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Duke Flags Lowered: Leading Dermatology Researcher and Educator Dr. Sheldon Pinnell Dies

Sheldon Pinnell

Dr. Sheldon Pinnell, a longtime Duke professor and internationally eminent scientist, dermatologist, and educator, died on July 4 after battling carcinoid cancer for almost 10 years.

Pinnell made pivotal discoveries in the understanding of the biology of collagen in the skin, demonstrating the critical role of vitamin C.  He also was a pioneer in the discovery and development of the role of topical antioxidants for the prevention of sun damage to skin, and was a founding scientist of Fibrogen, SkinCeuticals and the Skin Science Institute. He served as SkinCeuticals' chief medical advisor.

Pinnell received his undergraduate degree from Duke University and his medical degree from Yale University School of Medicine.  He spent two years as a medical resident at the University of Minnesota, followed by three years at the National Institutes of Dental Research, where he first began making seminal contributions to the understanding of how human connective tissue is produced and organized. In 1968, he became a resident in dermatology and research associate at the Massachusetts General Hospital of Harvard University School of Medicine. In 1971, after being named a Helen Hay Whitney Fellow and Herzog Fellow of the American Dermatological Association, he spent two years studying collagen chemistry at the Max Planck Institute in Munich, Germany.

Pinnell returned to Duke University in 1973 to join the medical school faculty, where he remained for his entire academic career. From 1973-1980, he was named a prestigious Howard Hughes Medical Institute Investigator. He was the J. Lamar Callaway Professor of Dermatology and Chief of Dermatology at Duke from 1982 to 1997.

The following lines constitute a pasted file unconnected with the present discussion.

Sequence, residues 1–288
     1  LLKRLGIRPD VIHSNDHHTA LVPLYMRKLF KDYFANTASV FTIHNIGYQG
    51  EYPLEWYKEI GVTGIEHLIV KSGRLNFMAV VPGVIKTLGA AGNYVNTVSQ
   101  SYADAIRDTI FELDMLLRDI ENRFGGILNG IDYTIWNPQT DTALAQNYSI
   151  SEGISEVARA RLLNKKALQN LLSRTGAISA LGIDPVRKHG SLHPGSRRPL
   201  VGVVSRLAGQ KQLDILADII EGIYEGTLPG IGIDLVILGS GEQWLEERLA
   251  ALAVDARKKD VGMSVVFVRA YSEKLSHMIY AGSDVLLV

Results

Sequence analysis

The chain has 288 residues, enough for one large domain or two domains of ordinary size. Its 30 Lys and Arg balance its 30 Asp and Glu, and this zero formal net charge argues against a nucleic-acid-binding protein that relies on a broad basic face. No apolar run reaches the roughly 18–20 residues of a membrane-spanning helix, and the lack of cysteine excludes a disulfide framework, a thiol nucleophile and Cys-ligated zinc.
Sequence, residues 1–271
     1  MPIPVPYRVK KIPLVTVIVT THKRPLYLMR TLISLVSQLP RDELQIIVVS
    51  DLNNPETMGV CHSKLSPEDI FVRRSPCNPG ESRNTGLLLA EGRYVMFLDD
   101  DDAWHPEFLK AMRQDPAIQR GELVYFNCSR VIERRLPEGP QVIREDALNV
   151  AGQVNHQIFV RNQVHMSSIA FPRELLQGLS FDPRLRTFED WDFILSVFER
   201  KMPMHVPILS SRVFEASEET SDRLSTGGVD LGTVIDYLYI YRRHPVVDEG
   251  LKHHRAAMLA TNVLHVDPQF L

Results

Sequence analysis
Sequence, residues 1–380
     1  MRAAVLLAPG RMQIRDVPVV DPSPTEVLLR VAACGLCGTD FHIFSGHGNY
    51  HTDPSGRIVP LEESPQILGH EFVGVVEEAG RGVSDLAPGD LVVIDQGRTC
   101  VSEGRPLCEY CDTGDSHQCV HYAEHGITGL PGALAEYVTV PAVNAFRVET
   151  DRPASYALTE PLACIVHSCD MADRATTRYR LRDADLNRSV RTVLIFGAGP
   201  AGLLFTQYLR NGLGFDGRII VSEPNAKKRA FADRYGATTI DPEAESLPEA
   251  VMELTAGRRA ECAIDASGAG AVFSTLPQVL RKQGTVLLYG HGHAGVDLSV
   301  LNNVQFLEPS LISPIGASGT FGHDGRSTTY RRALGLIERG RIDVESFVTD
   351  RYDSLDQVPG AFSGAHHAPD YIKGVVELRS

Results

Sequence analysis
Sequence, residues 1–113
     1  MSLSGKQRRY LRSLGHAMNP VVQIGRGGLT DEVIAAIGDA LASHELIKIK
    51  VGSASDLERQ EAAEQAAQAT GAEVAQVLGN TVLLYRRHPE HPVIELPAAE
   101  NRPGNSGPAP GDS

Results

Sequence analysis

A visionary leader, Pinnell developed and implemented strategic initiatives that facilitated the growth and prominence of Duke University's Division of Dermatology and culminated in the establishment in 2009 of the nationally recognized Department of Dermatology. During his tenure, he trained more than 100 residents, 22 research fellows, and left a legacy of 22 dermatologists, including seven current department chairs, residency program directors and associate department and vice chairs.

In 2013, Duke University Medical Center recognized Pinnell's distinguished career with the establishment of the Sheldon R. Pinnell Center for Investigative Dermatology. This year, he also received honorary membership into the Society of Investigative Dermatology.

Pinnell is survived by his wife, Dr. Doren Madey Pinnell; three sons, Kevin, Alden, and Tyson; and five grandchildren.

A small private family ceremony was held this week. This fall, a memorial service will be held in Duke Chapel to celebrate his life, in conjunction with the formal dedication of the Pinnell Center for Investigative Dermatology.